Lyndon Rive – Green energy CEO (SolarCity) and Underwater Hockey player

Posted by on Sep 27, 2007 in Business, Entrepreneurship, Green Energy, Leadership, South Africa, Technology

Even though Lyndon Rive is the architect and builder of a successful IT company and now serves as CEO of a growing solar power operation, the most interesting thing about this 30-year-old South African may be that he plays mid-mid position on the (and I’m not making this up) U.S. Men’s Underwater Hockey Team. The sport works pretty much like ice hockey except, of course, the playing field is the bottom of a swimming pool. Two teams of six players each hold their breaths for as long as they can and smack the puck around the pool using a foot-long stick. Rive’s been playing since 1992.Hockey aside, his head seems to be placed well above the water. Rive, along with brothers Peter and Russ head SolarCity, the leading provider of solar energy systems to homes and businesses. They want to bring solar power to the mass market by making it affordable. SolarCity’s method of accomplishing this is by group buying. The company’s sales force blankets a targeted neighborhood and when it gets 50 or so commitments, buys the solar panels and sends out installation teams to erect them. Customers save 20-30% from the group discount.Rive thinks America is ready for solar power. “People want to go green,” he said, “but they won’t do it if it costs them an arm and a leg. Even the extreme environmentalists can’t justify it.” He feels mom and pop solar operations don’t offer the stability that SolarCity provides, backed by capital provided by his cousin, Internet giant Elon Musk (who serves as chairman at SolarCity) and JP Morgan Bank. They recently received $21M in new funding from Draper Fisher Jurvetson. SolarCity employs around 150 full-time employees and installs 60 to 70 systems a month. It concentrates on California but has plans to expand to Colorado.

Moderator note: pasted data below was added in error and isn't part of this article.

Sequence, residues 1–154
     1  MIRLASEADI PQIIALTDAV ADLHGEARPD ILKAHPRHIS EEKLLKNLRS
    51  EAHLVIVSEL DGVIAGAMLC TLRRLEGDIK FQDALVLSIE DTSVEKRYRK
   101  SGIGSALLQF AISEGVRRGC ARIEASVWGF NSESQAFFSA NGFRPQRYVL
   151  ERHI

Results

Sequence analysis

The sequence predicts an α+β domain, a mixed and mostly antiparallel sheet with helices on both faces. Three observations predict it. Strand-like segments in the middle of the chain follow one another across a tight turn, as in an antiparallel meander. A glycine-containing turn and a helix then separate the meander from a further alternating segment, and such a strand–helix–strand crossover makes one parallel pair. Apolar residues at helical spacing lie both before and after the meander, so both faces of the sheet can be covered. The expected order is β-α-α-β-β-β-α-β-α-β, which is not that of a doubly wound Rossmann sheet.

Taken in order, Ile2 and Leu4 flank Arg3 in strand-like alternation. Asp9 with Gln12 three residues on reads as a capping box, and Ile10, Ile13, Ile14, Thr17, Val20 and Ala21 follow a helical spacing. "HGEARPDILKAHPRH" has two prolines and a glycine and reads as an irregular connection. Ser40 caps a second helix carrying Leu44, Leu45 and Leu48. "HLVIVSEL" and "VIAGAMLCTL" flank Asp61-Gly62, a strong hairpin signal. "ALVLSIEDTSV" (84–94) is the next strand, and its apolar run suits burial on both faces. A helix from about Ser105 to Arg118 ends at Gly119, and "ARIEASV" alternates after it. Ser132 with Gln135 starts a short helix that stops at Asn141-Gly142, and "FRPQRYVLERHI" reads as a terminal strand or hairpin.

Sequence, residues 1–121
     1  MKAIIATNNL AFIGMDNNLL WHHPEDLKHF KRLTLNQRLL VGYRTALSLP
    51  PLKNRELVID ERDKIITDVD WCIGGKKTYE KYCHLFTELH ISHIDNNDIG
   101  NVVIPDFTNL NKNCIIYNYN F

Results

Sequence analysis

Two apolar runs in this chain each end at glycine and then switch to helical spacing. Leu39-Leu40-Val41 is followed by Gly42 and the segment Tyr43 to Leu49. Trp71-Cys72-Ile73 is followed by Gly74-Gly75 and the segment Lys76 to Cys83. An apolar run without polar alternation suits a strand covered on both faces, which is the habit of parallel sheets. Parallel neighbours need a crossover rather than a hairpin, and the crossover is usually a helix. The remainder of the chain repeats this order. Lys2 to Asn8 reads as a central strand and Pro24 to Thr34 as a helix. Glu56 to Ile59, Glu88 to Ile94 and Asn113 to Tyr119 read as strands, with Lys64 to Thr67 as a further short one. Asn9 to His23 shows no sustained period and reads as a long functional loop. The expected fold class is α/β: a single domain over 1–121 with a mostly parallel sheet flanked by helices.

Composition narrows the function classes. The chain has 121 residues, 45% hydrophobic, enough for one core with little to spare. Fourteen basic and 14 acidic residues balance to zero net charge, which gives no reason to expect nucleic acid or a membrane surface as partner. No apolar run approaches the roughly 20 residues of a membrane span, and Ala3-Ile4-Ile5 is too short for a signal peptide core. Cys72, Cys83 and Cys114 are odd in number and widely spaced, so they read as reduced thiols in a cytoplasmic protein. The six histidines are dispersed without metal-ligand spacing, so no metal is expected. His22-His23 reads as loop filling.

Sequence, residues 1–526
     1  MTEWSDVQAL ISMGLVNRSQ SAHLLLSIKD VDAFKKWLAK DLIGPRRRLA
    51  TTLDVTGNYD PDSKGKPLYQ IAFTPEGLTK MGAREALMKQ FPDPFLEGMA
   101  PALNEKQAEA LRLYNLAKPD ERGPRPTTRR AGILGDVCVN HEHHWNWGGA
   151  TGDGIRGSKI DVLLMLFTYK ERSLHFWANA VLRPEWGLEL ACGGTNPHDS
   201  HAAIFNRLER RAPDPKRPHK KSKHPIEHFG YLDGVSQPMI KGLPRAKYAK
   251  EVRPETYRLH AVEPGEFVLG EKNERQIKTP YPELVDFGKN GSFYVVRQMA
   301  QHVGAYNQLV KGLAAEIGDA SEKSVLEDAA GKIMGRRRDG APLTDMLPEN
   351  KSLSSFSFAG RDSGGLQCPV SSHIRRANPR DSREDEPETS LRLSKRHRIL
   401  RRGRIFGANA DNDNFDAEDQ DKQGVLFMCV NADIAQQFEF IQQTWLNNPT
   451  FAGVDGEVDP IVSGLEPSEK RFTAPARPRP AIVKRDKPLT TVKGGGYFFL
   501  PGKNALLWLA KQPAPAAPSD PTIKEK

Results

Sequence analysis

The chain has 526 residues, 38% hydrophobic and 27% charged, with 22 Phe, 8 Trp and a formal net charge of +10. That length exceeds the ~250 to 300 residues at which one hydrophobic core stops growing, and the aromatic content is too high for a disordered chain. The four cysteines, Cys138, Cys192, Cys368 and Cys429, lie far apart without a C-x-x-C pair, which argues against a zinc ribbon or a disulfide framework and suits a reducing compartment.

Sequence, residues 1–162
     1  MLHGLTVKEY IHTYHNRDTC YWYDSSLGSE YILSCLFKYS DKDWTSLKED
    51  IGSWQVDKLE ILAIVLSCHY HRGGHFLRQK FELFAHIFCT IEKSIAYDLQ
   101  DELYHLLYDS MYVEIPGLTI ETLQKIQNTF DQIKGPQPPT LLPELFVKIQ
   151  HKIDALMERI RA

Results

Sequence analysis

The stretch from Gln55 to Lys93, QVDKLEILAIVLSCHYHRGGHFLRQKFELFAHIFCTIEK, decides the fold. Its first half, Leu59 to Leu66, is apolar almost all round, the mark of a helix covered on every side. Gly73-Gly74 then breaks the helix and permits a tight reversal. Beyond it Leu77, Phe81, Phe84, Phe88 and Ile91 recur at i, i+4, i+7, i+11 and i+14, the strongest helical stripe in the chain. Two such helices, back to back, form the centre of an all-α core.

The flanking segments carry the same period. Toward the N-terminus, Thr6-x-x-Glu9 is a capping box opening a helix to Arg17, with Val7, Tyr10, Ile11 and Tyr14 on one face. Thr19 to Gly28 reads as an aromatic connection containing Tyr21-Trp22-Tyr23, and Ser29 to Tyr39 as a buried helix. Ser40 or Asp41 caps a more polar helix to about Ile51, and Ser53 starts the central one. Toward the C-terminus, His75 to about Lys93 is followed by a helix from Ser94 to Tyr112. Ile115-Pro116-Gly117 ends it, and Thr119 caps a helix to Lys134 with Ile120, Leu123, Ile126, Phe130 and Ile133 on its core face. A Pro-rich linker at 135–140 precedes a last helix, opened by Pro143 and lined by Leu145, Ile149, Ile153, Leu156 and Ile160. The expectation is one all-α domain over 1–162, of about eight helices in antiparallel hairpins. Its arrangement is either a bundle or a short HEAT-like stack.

Rive @ the Going Green 2007 conference.In 1998 Lyndon and Russell Rive created Everdream, which serves small businesses that have fewer than 20 employees by providing computer hardware, round-the-clock technology support services, desktop management services, Internet access and free online training for a single monthly subscription charge of about $150. Offerings include application management, software distribution, hardware integration and help desk services. The brothers started selling their services going door-to-door on skateboards and, after securing some seed money, grew the business within eight months into a 100-employee operation occupying a 40,000-square-foot space. The Rives have since replaced themselves at Everdream with another management team so they could start SolarCity, but Lyndon still serves Everdream as vice president.Rive’s past business ventures include an alternative health production and distribution company, which he grew to over 1000 sales representatives with multiple product lines within four years.At this month’s Solar Power Conference in Long Beach, Calif., Rive said that payback is not the way to look at the decision to use solar energy. “Return on investment is the way to think about it. A savings account gives you 2% return. Solar system return on investment with a utility like Los Angeles Department of Water and Power that has lower rates is 5%-6%. Solar system return on investment with a utility like Southern California Edison that has higher rates is 10%-12%. And studies show a solar system increases the value of the house more than the cost…..It is the best home improvement you can do for property value.” On why he is now in the “green” market Rive, in an interview with ABC News, said,”Looking at the world’s biggest problems, software is not going to address it. It’s one of the few industries where you have the opportunity to make some money and do good.” Here’s another writeup on SolarCity in Fast Company.Rive does have other interests besides business and underwater hockey. He lists his hobbies as kitesurfing, wakeboarding, snowboarding and mountain biking.

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